Biography of Melvin Calvin

Biography of Melvin Calvin

Melvin Calvin – American biochemist.

Name: Melvin Ellis Calvin

Date of Birth: April 8, 1911

Place of Birth: Saint Paul, Minnesota, United States

Date of Death: January 8, 1997 (aged 85)

Place of Death: Berkeley, California, United States

Occupation: Chemists

Father: Elias Calvin

Mother: Rose Herwitz

Spouse/Ex: Genevieve Elle Jemtegaard (m. 1942 – d.1987)

Children: Elin Sowle, Noel Calvin, Karole Campbell

Early Life

An American biochemist who received the 1961 Nobel Prize for Chemistry for his discovery of the chemical pathways of photosynthesis, Melvin Calvin was born on April 8, 1911, in St. Paul, Minnesota, the U.S. to the son of Elias Calvin and Rose Herwitz, immigrants from the Russian Empire. He spent most of his five-decade career at the University of California, Berkeley.

Melvin Calvin’s renowned discovery of the ‘Calvin cycle’ that encompass three phases of light-independent reactions of photosynthesis carbon fixation, reduction reactions, and ribulose 1,5-bisphosphate (RuBP) regeneration. This discovery was made by Calvin along with American biologist Andrew Benson and American scientist James Bassham. In his career span of around five decades, most of which was spent at the ‘University of California’, Berkeley, he made several studies that yielded significant discoveries covering a broad area of biological and physical chemistry. The series of investigations made by Calvin included work on hydrogen activation; radiation chemistry; electronic structure of organic molecules; artificial photosynthesis; photoelectronic, electronic and photochemical behavior of porphyrins; and chemical evolution of life among others. He worked on isolating and purifying plutonium from other irradiated nuclear fission products of uranium by applying chelation and solvent extraction while working in the ‘Manhattan Project’. He and his wife Genevieve Jemtegaard collaborated to study chemical factors present in the Rh blood group system and helped to ascertain the structure of one of the Rh antigens that they named ‘elinin’.

Melvin Calvin received several awards and recognition including ‘Davy Medal’ from the ‘Royal Society of London’ (1964), ‘Priestley Medal’ (1978) and the U.S. ‘National Medal of Science’ (1989).

Childhood, Family and Educational Life

Melvin Calvin, in full Melvin Ellis Calvin, was born on April 8, 1911, in St. Paul, Minnesota, to Jewish immigrants Elias Calvin and Rose Herwitz, who originally hailed from the Russian Empire. His father was from Kalvaria, Lithuania, so the Ellis Island immigration authorities renamed him Calvin; his mother was from Russian Georgia. His family relocated to Detroit, Michigan when he was very small.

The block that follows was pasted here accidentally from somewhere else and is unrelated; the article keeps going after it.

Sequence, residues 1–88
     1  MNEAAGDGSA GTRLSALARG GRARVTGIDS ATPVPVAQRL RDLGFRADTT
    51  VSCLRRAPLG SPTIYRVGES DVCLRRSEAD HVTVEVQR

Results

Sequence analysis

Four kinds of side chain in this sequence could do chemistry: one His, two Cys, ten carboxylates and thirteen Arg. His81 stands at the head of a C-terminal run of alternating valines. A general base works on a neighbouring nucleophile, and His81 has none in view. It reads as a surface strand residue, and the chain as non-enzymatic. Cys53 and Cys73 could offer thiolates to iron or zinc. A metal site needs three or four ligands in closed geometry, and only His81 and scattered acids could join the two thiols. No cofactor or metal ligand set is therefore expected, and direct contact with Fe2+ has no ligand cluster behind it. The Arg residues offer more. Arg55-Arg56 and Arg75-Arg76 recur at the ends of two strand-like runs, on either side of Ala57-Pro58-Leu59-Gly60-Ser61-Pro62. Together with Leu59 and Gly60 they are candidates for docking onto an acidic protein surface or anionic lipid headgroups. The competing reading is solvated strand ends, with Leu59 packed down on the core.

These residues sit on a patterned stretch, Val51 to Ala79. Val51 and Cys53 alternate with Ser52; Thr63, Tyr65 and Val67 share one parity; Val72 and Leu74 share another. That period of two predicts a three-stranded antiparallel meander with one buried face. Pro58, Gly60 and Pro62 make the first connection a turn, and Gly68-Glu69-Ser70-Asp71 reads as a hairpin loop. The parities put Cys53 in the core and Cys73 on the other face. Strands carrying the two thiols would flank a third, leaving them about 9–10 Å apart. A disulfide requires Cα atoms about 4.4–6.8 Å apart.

As a child, Calvin collected rocks, watched birds, and mused about the nature and composition of the many products he saw in his parents’ grocery store. It led inevitably to a lifelong dedication to chemistry. In 1928 he completed his graduation from ‘Central High School’, Detroit.

Melvin Calvin earned his Bachelor of Science from the Michigan College of Mining and Technology (now known as Michigan Technological University) in 1931 and his Ph.D. in chemistry from the University of Minnesota in 1935. He then spent the next four years doing postdoctoral work at the University of Manchester, submitting his thesis on electron affinity of halogen atoms. After receiving a full scholarship from ‘Michigan College of Mining and Technology’ (at present ‘Michigan Technological University’) in Houghton, he joined the college and studied geology, mineralogy, civil engineering, and paleontology. All these subjects proved to be extremely beneficial for his future scientific endeavors.

Thereafter Calvin received a ‘Rockefeller Foundation’ grant following which he pursued his postdoctoral work at the ‘University of Manchester’. There he came under the guidance of Professor Michael Polanyi under whom he researched on metalloporphyrins, activation of molecular hydrogen and coordination catalysis.

Personal Life

Melvin Calvin married Marie Genevieve Jemtegaard in 1942, and the couple was blessed with two daughters, Karole and Elin and a son, Noel.

Career and Works

Leaving Minnesota with his doctorate, Melvin Calvin used his own savings to supplement a postdoctoral fellowship from the National Research Council to work for two years with Michael Polány, as Rockefeller Fellow during the 1935-1937 periods, at the University of Manchester. His research topic was the interactions between quantum mechanical theory and chemical experimentation, starting with platinum-hydrogen activation systems.

In 1937 Calvin was inducted as an instructor at the ‘University of California’, Berkeley. His career path in the university saw a gradual rise first advancing as a Full Professor in 1947 and then as a Professor of Molecular Biology in 1963, a post he retained till his retirement in 1980. He carried on with his research on activation of molecular hydrogen at Berkeley that he started at Manchester and started studying color of organic compounds that led him to investigate the electronic structures of organic molecules. While investigating molecular genetics during the early 1940s, he suggested an involvement of hydrogen bonding in the piling of nucleic acid bases in the thread like structures called chromosomes, present in the nucleus of living organisms.

At Berkeley, Calvin continued his work on hydrogen activation and began work on the color of organic compounds, leading him to study the electronic structure of organic molecules. In the early 1940s, he worked on molecular genetics, proposing that hydrogen bonding is involved in the stacking of nucleic acid bases in chromosomes. During World War II, he worked on cobalt complexes that bond reversibly with oxygen to produce an oxygen-generating apparatus for submarines or destroyers. In the Manhattan Project, he employed chelation and solvent extraction to isolate and purify plutonium from other fission products of uranium that had been irradiated. Although not developed in time for wartime use, his technique was later used for laboratory separations.

Calvin’s big chance came in the autumn of 1945; to understand its significance it is necessary to go back to the history of photosynthesis and the level of understanding before World War II. It had been known for two centuries that Sunlight allows green plants to fix atmospheric carbon dioxide into all the organic compounds needed for the plants to grow and reproduce. What was not known was how it was done. There were theories including a suggestion that the fixation of carbon dioxide first formed formaldehyde, which was then supposed to polymerize into sugars. But the basis for that idea was simply that the empirical formula for formaldehyde (CH2O) multiplied six times gave the equally empirical formula for a hexose sugar (C6H12O6); there was no experimental evidence and, indeed, plants fail to produce sugar when supplied with formaldehyde and are actually poisoned by it.